Why it matters: The Oculus Quest 2 has been available for nearly a year on the market, where it's cemented its place as the most used virtual reality headset on Steam. That's not too surprising given its attractive price point of $300, but what is curious is the much pricier VR device that's managed to climb to second place in the charts.
Valve revealed (via Road to VR) that its Index headset is now used by 17.5 percent of virtual reality users on Steam. It replaces the discontinued Oculus Rift S, which falls to third place with a 17.21 percent share. Facebook's Quest 2 displays its staying power as the most used VR headset with a 33.19 percent share.
As for the Index specifically, it's an impressive feat when considering its high price point. Released more than two years ago, consumers will have to shell out $1,000 to get their hands on the headset because of the associated extras -- controllers and base station -- required for it to function fully.
The Index was used by 17.63 percent -- its record high thus far -- of virtual reality users in October 2020, placing it third behind the Rift S at 24.64 percent, followed by the original Vive at 19.17 percent. The pricey device nearly rose to a second-place spot in January 2020, but the Oculus Quest 2 took it instead due to its data debuting -- base models starting at $300 makes it a much more affordable option.
Valve's headset has also never been discounted from its $1,000 price tag. Coupled with the fact that it's more than two years old, for it to reach second place at all is quite remarkable. It overcame supply issues as well earlier on, with demand remaining consistent since its mid-2019 launch -- regularly occupying a space among the ten highest-grossing products on Steam.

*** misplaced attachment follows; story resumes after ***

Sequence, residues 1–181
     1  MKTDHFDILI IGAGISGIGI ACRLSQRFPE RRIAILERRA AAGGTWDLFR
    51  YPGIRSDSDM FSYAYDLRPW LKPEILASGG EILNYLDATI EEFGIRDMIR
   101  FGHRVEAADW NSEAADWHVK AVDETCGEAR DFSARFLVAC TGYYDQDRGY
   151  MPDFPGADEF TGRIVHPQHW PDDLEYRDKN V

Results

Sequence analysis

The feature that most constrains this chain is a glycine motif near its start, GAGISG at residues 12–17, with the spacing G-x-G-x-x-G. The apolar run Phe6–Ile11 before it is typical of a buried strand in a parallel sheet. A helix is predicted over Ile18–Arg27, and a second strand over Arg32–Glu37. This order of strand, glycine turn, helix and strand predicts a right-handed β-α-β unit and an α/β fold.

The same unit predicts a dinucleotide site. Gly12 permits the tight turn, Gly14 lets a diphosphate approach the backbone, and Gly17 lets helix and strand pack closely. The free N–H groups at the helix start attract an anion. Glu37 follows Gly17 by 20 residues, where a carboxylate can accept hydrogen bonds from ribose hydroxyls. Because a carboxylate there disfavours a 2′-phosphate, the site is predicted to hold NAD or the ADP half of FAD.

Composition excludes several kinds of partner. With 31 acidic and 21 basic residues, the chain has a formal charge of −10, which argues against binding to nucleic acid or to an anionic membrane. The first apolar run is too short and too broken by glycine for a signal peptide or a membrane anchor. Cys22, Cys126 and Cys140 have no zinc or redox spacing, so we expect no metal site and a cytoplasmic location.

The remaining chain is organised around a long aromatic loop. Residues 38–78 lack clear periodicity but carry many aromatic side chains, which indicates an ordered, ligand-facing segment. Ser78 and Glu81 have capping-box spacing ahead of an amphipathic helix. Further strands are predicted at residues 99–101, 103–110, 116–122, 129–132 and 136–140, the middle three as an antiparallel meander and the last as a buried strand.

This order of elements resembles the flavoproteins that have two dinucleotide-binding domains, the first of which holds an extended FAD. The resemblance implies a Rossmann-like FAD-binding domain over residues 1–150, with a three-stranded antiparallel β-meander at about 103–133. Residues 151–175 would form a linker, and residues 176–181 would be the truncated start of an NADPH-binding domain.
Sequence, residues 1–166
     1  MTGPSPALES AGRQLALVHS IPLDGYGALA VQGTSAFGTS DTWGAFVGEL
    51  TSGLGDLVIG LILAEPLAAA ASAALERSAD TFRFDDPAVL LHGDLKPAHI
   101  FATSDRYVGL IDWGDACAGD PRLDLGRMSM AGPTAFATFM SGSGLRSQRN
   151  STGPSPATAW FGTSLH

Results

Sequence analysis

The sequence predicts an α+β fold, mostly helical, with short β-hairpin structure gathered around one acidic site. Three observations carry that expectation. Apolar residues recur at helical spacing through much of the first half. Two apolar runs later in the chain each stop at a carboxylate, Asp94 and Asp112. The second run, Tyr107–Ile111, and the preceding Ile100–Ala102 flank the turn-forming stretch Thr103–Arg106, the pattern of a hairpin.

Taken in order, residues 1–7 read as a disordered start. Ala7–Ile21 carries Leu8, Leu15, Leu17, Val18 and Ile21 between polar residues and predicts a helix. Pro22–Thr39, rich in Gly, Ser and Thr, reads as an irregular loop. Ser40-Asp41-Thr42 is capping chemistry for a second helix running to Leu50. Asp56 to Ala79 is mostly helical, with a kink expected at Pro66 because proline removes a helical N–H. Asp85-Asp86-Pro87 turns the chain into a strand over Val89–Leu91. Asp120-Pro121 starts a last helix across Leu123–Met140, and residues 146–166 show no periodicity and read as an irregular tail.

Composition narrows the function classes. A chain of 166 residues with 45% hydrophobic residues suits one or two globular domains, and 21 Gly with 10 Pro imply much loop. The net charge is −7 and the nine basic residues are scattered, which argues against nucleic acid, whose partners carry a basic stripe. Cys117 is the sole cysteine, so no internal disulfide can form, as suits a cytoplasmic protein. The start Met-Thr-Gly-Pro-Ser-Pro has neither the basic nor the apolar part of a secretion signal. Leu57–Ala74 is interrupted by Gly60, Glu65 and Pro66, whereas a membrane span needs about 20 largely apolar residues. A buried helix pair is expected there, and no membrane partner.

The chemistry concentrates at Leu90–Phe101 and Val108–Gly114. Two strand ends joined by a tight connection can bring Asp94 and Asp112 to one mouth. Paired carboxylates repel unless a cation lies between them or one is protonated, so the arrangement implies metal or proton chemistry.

The number of users utilizing a VR headset on Steam grew from 1.74 percent to 1.8 percent. That slight uptick in growth shouldn't come as too much of a surprise when considering VR headset adoption has been fluctuating since May. The slowdown could be attributed to the lack of any major VR game releases since Half-Life: Alyx launched in March 2020. Still, Valve could be working on another headset codenamed Deckard.
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Another reason why the technology hasn't quite had a major impact yet is the health implications; a developer experienced in the VR field warned of severe eyesight damage. However, with tech giants like Apple reportedly working on their own devices, the emerging tech could be here to stay.
Virtual reality might be missing its moment, but Valve's next foray in the consumer hardware market is one that may change the landscape of handheld gaming forever: anticipation mounts for the Steam Deck, due for a release in December. With PC gaming coming out of the shadow of the console market, the upcoming handheld gaming system is looking to replicate the immense success Nintendo has enjoyed with the Switch.